What make the A77 so special are not only the good frequency response, low wow and flutter and good signal-to-noise level, but also its good design and bullet-proof build. It is a 3-head (erase, record, playback “ERP”) 3 motor machine, with both the capstan and reel motors being direct drive. The capstan motor was the excellent synchronous Papst motor used in the G36 which drives the tape at constant speed, and the two further motors provide back tension from the feed (left) spool and a constant take-up tension for the take-up (right) spool. Being direct-drive means that the only belt in operation is for the tape counter, connected to the take up motor. This not only makes maintenance easy (as someone who has regularly had to repair disintegrated and broken belts in lesser old machines, a process often requiring removal of numerous components and PCBs in order to get to them), but means performance and reliability is improved. Indeed, Revox strived to give good performance and reliability rather than offering bells and whistles such as things like auto reverse and memory location, etc.
The A77 came in quarter track (similar to that on a cassette tape, allowing two sides of tape recording) or half-track, giving better audio quality though at the cost of one-direction playing. The latter meant that you could edit your tape using spicing tape if there were sections of music or speech you needed to remove. For the perfectionist or professional sound recordist you could now store the tape “tail out”, meaning that it would need to be rewound in order to play from the beginning. The reason for doing this is because of inevitable low level print-though of the magnetised tape from one layer of the tape to the next which would now effectively be “after” the start of a sound rather than the silence or low-level sound before it. Imagine silence followed by a loud chord on the organ (eg Saint Saens Organ Concerto last movement). Any low level print-through of that chord would be hidden under the initial attack and decay of the music rather than sounding just before, which would be more audible.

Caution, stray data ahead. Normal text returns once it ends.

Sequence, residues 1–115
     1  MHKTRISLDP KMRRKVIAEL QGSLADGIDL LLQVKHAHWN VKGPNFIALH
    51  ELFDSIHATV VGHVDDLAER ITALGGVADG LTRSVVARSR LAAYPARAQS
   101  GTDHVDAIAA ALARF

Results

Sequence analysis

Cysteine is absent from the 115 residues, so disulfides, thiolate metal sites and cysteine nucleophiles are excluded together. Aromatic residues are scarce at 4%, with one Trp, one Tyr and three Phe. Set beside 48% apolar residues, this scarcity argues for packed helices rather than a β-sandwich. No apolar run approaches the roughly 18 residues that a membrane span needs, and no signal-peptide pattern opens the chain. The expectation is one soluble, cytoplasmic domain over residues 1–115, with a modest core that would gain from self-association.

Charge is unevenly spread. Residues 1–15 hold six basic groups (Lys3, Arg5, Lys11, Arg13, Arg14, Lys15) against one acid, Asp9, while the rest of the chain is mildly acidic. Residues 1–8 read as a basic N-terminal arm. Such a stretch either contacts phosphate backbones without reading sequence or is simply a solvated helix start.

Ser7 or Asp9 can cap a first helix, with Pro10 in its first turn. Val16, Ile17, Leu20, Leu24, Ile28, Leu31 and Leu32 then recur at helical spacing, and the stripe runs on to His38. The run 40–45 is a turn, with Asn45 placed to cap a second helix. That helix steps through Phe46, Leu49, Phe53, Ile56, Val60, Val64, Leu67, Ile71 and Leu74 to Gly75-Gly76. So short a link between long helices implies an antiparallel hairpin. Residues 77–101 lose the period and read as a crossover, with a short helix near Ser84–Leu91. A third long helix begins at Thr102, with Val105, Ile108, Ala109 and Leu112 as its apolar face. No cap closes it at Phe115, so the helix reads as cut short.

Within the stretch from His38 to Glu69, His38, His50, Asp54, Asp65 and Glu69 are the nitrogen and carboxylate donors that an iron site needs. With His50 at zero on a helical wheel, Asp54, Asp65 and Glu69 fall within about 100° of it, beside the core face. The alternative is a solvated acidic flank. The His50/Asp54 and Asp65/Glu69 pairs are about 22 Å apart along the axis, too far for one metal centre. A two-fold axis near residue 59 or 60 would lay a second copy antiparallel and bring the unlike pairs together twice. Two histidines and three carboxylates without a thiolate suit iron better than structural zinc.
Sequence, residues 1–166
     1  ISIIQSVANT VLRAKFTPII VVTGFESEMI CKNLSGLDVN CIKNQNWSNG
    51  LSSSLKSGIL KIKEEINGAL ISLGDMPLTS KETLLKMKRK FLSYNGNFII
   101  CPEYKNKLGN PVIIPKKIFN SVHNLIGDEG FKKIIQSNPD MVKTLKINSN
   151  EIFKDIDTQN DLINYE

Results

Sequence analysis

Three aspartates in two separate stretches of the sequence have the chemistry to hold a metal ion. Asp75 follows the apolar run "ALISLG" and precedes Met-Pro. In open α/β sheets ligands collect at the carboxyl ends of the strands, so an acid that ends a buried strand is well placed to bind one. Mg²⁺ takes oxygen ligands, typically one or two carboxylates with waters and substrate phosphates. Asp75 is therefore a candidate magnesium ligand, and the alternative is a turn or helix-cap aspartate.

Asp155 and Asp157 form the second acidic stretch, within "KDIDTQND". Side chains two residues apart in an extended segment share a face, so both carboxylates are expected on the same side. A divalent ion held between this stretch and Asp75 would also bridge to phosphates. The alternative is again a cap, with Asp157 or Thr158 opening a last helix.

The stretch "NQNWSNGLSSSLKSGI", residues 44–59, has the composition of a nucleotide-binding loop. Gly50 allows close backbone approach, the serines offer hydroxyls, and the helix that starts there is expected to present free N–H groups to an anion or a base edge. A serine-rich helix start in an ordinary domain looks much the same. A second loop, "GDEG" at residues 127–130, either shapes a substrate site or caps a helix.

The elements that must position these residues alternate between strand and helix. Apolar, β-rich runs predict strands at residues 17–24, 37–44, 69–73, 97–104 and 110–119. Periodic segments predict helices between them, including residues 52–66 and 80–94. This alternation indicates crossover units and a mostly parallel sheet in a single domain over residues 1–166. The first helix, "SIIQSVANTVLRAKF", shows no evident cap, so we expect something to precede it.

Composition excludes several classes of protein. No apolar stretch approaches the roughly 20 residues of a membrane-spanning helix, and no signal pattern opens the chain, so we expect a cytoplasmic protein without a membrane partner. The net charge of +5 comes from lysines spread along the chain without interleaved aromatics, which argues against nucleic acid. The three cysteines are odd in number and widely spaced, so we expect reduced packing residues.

The A77 could be ordered with various speed configurations, the most common being 3 3/4 ips (9,5 cm/sec) and 7 1/2 ips (19 cm/sec), though machines with 1 7/8 ips (4,75 cm/sec) or 15 ips (38 cm/sec) capability were also made. Models gave choice of NAB and IEC equalisation for playback from switches hidden under the long retractable panel below the tape path and the heads. You could even buy a version with Dolby B noise reduction, which I actually have in my own collection, but the Dolby on/off button and calibration controls mean there is no room for NAB/IEC switches, meaning it is only NAB. The high-speed versions are the most sought after. If you buy an A77, make sure you check headwear and the condition of the rollers and tape guides. Also check the brake hubs, and the incandescent bulb for the optical auto stop, which sometimes burns out.
The A77 came in four ‘makeovers’, with the Mk iii (1971-1974) being the most common and desirable with its more reliable electronics and precision mechanics. The relay controlled feather-touch push buttons give precise and quick action, and separate preamplifiers for record and playback, special circuitry to get rid of clicks and pops and regulated power supply were features we see regularly 40 years later. Whilst every budding tape fan would love a Studer or perhaps buy a Revox B77 or even PR99 with their more modern look and improved electronics, the A77 is still a very able and reliable machine that from the 1960’s secured the Revox name as the brand for quarter inch tape. I still use mine and expect it to last for another 40 years to come. The A77 will always remain the most important reel to reel of all time.